The Supreme Court on Friday ordered that there will be no coercive action against employers who did not comply with a March 29 government notification directing companies to pay wages to employees for 54 days during the lockdown period.
“No coercive action against employers till July last week,” said the top court. It emphasised that employers and employees should talk and settle the matter.
A bench comprising Justices Ashok Bhushan, Sanjay Kishan Kaul and M.R. Shah asked the employers to negotiate a settlement with their employees.
“There can be no denial that lockdown measures which were enforced by the Government of India had serious consequences both on employers and employees,” observed the bench.
The bench added that companies that operated during the lockdown, but were not operating on full strength too should hold settlement talks with their employees.
“It cannot be disputed that both industry and labourers need each other. No Industry or establishment can survive without employees/labourers and vice versa. We are thus of the opinion that efforts should be made to sort out the differences and disputes between the workers and the employers regarding payment of wages of above 50 days and if any settlement or negotiation can be entered into between them without regard to the order dated March 29, the said steps may restore congenial work atmosphere,” said the top court.
The bench asked the Centre to file a detailed reply on petitions challenging the notification within four weeks. The bench will conduct further hearing on the matter in the last week of July.
The apex court noted that in case the talks failed, parties could approach the Labour Department, which could facilitate a settlement, but efforts should be made to settle disputes between workers and employers.
“Some of the industries and establishments may bear the financial burden of payment of wages or substantial wages during the lockdown period to its workers and employees. Some of them may not be able to bear the entire burden. A balance has to be struck between these two competitive claims,” said the top court.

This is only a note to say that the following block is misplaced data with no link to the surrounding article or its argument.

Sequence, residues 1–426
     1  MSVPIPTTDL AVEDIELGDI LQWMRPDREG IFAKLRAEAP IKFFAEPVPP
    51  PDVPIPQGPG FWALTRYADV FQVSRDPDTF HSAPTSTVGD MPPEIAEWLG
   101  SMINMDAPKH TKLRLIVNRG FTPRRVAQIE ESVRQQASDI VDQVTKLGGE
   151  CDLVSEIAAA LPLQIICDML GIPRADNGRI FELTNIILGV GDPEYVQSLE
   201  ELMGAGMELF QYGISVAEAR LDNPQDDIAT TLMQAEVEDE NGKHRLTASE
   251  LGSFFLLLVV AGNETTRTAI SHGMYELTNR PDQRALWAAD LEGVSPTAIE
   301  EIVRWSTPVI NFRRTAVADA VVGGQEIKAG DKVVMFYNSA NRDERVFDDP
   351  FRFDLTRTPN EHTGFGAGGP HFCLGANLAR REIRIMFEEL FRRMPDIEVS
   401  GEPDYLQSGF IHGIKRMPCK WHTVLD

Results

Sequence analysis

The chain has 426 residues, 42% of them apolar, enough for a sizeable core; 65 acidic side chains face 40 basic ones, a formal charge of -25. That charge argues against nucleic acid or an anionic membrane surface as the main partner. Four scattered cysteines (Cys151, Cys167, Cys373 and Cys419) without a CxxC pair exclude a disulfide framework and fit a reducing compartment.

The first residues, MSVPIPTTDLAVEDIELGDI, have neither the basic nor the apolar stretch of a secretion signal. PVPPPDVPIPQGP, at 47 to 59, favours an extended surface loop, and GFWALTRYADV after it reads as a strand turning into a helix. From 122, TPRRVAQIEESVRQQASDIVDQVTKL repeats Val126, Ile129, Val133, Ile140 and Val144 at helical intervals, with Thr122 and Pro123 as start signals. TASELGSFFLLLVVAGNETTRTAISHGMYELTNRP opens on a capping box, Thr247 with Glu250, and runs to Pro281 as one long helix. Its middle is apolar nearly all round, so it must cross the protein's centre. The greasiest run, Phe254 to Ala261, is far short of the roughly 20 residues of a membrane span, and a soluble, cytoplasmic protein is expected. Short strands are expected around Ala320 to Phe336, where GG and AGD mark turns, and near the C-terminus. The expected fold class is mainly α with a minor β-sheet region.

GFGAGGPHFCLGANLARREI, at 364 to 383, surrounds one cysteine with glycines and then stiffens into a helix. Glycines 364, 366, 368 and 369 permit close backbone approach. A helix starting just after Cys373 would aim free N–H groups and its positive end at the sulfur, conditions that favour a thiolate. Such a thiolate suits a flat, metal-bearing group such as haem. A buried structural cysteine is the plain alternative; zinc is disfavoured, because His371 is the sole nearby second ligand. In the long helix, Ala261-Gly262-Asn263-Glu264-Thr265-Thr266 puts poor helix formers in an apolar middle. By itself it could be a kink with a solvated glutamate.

The top court emphasised that the private establishments and workers sit together to negotiate to settle disputes relating to wages. The bench also asked state governments to facilitate such settlements and submit reports before the labour commissioners.
The top court emphasised that “piecemeal consideration” cannot be made, and Centre and state governments should circulate court order through labour departments to facilitate settlements.
“The state is also under an obligation to ensure that there is smooth running of the industrial establishment and the disputes between the employers and employees may be conciliated and sorted out,” noted the court.
The bench noted that workers who are willing to work should be allowed to work notwithstanding disputes regarding wages.
“The private establishment, industries, employers who are willing to enter into negotiation and settlement with the workers/employees regarding payment of wages for 50 days or for any other period as applicable in any particular state during which their industrial establishment was closed down due to lockdown, may initiate a process of negotiation with their employees organization and enter into a settlement with them and if they are unable to settle by themselves submit a request to concerned labour authorities who are entrusted with the obligation,” said the top court.
The court added that in the event a settlement is arrived at, that may be acted upon by the employers and workers irrespective of the March 29 order issued by the Ministry of Home Affairs.
The petitions were filed by a Punjab-based collective of 41 small scale organisations, urging the court to set aside the March 29 order of the Ministry of Home Affairs (MHA) directing private establishments to pay full wages to the workers during the period of the lockdown.
The petitioners challenged the constitutional validity of Section 10(2)(i) of the Disaster Management Act, 2005. Punjab-based Ludhiana Hand Tools Association claimed that the March 29 MHA order under the Disaster Management Act, 2005, was violative of Articles 14, 19(1)(g), 265 and 300 of the Constitution and that it must be “struck down”.
The petitioners maintained that Section 25M of the Industrial Disputes Act provided for the right to layoff workmen due to natural calamity.